CRA Notice of Assessment: what is it?

Posted on 14 May 2023

Written by Alan Spergel

You have likely discovered this page if you have recently submitted your tax return and are unsure of what a CRA Notice of Assessment is. Perhaps you have received one in the mail and do not know what to do with it. In short, a CRA Notice of Assessment is an acknowledgement that your tax return has been received by the Canada Revenue Agency (CRA). While for most Canadians, filing your tax return is a huge relief once you have managed to get it done, there are often further steps in the process. It is only when you have finally received your CRA Notice of Assessment that you know whether or not you are well and truly done with the CRA for the year. In this article, we share all you need to know about a CRA Notice of Assessment, what it is useful for, and what you need to do with it.

What is a CRA Notice of Assessment?

A Notice of Assessment is the formal notification you receive from the CRA when you have submitted your tax return. In essence, it is a receipt to indicate that you have submitted your tax return, and that it has been both received and reviewed. A Notice of Assessment will typically contain the following information:

  • A summary of your tax return
  • Any changes the CRA has made to your tax return
  • The status of your tax return
  • Any potential problems

It is an invaluable document because you can quickly see the progress of your tax return, and understand any potential issues so you can try to fix them as soon as possible.

What is included in a Notice of Assessment?

A Notice of Assessment includes a few key sections:

Account summary

At the top of your Notice of Assessment, you will find the account summary. It will indicate one of the following:

  • the overall amount you owe to the CRA (and the deadline for doing so);
  • a zero balance (when you owe nothing); or
  • the tax refund you will receive

Tax assessment summary

This section of your Notice of Assessment contains key information around your income tax return, including your income, deductions, and credits. You will also discover in this section any penalties or interest you owe the CRA. These will be added to your tax refund or amount owed. Should you have a balance owed from a previous tax year, this too will be listed in the tax assessment summary.

Explanation of changes

If any changes or corrections have been made to your tax return by the CRA, these will be outlined in the explanation of changes. This could occur when the CRA has different information on your income or deductions than those you submitted. If you are eligible for the Canada Training Credit limit, GST/HST credit, or the Canada Child Benefit, you will also find these listed in this section.

RRSP deduction limit statement

This section features information on your Registered Retirement Savings Plan (RRSP) contributions and deduction limits for the following tax year. If you made excess RRSP contributions, you will likely need to pay additional tax on the excess.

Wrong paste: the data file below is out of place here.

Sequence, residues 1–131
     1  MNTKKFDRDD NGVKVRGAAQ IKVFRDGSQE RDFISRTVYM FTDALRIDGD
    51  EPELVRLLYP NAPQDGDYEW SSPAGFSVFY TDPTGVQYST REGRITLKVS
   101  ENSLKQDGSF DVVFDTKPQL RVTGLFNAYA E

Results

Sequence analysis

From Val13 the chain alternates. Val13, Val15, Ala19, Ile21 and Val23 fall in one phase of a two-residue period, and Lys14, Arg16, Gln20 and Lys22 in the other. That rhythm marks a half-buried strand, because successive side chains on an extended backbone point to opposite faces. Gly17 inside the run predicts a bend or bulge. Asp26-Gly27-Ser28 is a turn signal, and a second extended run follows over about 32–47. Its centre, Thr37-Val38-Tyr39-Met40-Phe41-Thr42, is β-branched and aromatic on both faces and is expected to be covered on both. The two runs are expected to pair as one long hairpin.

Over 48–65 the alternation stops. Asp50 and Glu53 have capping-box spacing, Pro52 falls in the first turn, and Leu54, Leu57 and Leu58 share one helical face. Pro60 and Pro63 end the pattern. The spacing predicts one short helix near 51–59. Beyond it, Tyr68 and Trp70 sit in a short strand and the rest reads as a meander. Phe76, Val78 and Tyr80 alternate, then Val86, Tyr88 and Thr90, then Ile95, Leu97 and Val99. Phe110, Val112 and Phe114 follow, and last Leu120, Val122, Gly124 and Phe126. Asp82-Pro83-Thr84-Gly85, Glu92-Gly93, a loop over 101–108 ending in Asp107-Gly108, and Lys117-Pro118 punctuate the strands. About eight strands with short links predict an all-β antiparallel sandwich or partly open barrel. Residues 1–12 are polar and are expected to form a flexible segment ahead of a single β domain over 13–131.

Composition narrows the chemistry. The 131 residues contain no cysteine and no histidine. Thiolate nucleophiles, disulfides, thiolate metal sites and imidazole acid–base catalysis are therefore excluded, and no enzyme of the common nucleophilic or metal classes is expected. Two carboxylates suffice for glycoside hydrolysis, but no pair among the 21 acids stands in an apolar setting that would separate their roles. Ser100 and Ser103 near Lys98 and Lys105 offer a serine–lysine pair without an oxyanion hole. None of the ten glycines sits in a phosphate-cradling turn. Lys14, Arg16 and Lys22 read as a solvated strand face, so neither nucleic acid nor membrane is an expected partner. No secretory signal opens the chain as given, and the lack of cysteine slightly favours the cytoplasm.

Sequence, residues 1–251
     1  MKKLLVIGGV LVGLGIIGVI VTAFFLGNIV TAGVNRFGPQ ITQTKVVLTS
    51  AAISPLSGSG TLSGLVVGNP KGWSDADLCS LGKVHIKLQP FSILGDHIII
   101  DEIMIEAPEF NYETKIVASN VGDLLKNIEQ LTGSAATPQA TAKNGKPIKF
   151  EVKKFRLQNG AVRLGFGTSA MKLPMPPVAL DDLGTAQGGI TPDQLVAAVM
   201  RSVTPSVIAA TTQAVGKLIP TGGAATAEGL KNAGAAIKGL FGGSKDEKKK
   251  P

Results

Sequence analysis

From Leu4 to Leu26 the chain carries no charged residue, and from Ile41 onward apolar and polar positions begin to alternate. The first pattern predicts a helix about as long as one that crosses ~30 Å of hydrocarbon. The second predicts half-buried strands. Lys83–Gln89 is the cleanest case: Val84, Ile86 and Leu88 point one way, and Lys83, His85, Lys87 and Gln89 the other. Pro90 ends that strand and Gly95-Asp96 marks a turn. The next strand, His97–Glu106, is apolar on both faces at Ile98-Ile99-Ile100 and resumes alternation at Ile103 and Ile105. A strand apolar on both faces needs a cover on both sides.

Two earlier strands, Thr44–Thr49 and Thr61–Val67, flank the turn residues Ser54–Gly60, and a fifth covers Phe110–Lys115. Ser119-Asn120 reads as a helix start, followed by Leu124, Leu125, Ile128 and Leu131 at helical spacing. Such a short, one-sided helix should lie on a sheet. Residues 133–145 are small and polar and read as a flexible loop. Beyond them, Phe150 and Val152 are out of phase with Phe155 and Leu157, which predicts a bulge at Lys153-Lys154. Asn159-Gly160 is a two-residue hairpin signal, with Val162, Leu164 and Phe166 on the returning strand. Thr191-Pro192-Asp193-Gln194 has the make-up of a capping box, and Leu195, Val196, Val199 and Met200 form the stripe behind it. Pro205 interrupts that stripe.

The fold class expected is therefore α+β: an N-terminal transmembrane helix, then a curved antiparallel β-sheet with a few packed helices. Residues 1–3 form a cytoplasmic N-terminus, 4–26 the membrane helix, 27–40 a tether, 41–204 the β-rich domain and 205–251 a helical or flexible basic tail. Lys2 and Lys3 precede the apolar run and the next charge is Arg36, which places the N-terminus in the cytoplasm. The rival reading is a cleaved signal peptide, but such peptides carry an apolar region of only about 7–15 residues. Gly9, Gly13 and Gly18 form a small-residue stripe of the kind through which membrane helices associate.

Additional information

If you have a Home Buyers’ Plan or the Lifelong Learning Plan, you may discover a section on your Notice of Assessment for additional information. This will outline your remaining balance, as well as any minimum repayment required for the year.

How do you get a CRA Notice of Assessment?

You will automatically receive a CRA Notice of Assessment via mail or online when you submit your tax return. Once you receive it, you should review it carefully to see if there are any errors or if your information has been changed by the CRA at all. This could include your income, deductions, or credits you may have claimed. If there is anything on your Notice of Assessment that you do not agree with, you may file an objection. It is always best to first try and resolve the issue directly with the CRA, however – it is often much quicker. The CRA advises that you keep hold of your Notice of Assessment, any tax information, and supporting documents for six years.

If you have questions about your CRA Notice of Assessment, or are worried about the amount of tax debt that you owe, book a free consultation with an experienced Licensed Insolvency Trustee at Spergel. We can help to review your financial situation and your tax debt, and advise you on a suitable pathway to debt relief. Reach out today – you owe it to yourself.

Alan Spergel

Alan Spergel

Alan Spergel is the founder and President of Spergel. A leader in our industry, he is also a former chair of the Canadian Association of Insolvency and Restructuring Professionals (CAIRP) and has served on Canada's Superintendent of Bankruptcy Management Board. He actively supports multiple charities, ensuring that Spergel gives back to our communities and has recently been appointed as Chairman of the Board of the Humber River Hospital Foundation. Outside of the boardroom, you can find Alan playing golf, tennis, or skiing and enjoying quality time with his grandchildren.

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